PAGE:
Absolutely loved this book. Histories drags, but if you get taken away by the stories and the philosophy contained within, you'll that it's a real world account of how good morals ripple out over time. I've found a laundry list of excellent nuggets of wisdom within these pages. It is hands down my favorite book and I will make my through it for a second read.
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on November 16, 2015
What an amazing book. It is so rich in wisdom that you might find yourself highlighting whole pages!
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on May 15, 2011
I was hesitant to buy this book, just because I have so much to read and I left religion as a child so I'm comfortable as an atheist and didn't feel I need any kind of guidance. Well, I didn't realize the wonderful nature of this book, nor the beautiful format and content! I had the wrong impression about what it was!

Wow, I am so impressed with this hefty tome! It's everything religious text should have been and are not. This version of Genesis is realistic, amazing, and awesome. It's written with stark awareness, an interconnection with nature and reality, and optimistic poignancy. It voices what so many of us had thought about, but articulates it all in a delightful poetic manner, as gorgeous as nature itself.

I'm not a fan of poetry and never have been, but this book touches me deeply. I see how Grayling has tried to stay in similar style to how the Christian bible was written, but his writing far exceeds anything in the bible, his words resonate so deeply and beautifully . . . I keep tweeting awesome quotes and sharing on FB.

This book is so well done, a pleasure to read, to page through, picking out verses, or reading page by page. It's a book I will refer to often, enjoying chapters, picking out lines. A wonderful tome that should be in the hands of everyone on the planet!

BTW, I recommend the hard copy and no Kindle, as it's just wonderful to page through, to put sticky notes in, or highlight lines. Buy it, ready it, savor it, and share it. Well done, Grayling. Wow!
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on April 1, 2012
I think the Good Book is interesting but not great. I think I would really like to know who is responsible for all the quotes that are presented with the pages. I would have liked to have seen more explicit discussions on evolution, the current scientific explanation of the origin of the universe and the possible origins of life. Otherwise it is nice reading and I'm sure most will find it pleasant.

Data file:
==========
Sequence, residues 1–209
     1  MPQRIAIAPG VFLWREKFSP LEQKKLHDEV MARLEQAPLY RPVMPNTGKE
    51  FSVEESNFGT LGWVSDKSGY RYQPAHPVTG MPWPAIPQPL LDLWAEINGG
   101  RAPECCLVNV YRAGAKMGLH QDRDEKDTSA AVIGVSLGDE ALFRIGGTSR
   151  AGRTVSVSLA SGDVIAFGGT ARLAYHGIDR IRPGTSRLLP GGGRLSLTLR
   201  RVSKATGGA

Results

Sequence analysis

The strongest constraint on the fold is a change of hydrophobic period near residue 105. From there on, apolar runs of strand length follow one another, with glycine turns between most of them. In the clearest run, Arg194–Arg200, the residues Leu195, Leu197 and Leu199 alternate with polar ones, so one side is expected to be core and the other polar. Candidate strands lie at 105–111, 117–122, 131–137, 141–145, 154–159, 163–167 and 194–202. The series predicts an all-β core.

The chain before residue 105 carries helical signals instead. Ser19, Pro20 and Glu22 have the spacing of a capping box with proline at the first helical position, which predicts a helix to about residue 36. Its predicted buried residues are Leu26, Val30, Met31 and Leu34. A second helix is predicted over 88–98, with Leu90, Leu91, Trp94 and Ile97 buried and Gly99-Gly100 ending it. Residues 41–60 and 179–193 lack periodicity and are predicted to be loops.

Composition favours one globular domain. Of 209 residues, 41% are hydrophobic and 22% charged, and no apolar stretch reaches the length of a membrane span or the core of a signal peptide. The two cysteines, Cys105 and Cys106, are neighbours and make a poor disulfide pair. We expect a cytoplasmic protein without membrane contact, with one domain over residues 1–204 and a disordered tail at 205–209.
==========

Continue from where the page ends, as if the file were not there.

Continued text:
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on January 17, 2016
I am really having a hard time getting through this book. The author is a learned philosopher, but he is way over my head in his theological approach to life.. Even though I like his Humanist philosophy, I don't know if I will ever finish reading "The Good Book: A Humanist Bible."
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on June 6, 2011
Having reviewed parts of it, I enjoy the style of the book. It's not overly intellectual, yet it has an overall wise and realistic perspective on humanity and the world. The writing of the author is informed by fact, reason, and science, yet his ideas are presented in a way that lends itself to some interpretation, so that individual readers can attach personal meaning to them. The ideas promote a positive attitude toward oneself, other people, and life in general. They do not contain an argument against religion, yet there is a subtle opposition to mysticism and ignorance in the book, and it clearly presents an alternative. One weakness relative to many of the religious books of the Bible is that it does not contain stories. That makes it less accessible to audiences that do not reason abstractly by virtue of their age, verbal ability, or language skill. Another weakness can be found in the section with proverbs; some of them display a black-and-white thinking about phenomena that are actually on a spectrum of shades of gray; other proverbs show an unfair bias against certain ideologies (for example, materialism), a bias that is based entirely in the values of the author and not in any particular empirical reality, fact, or reason. Overall, I felt like I had gotten my money's worth, and I intend to find time to read the whole book carefully.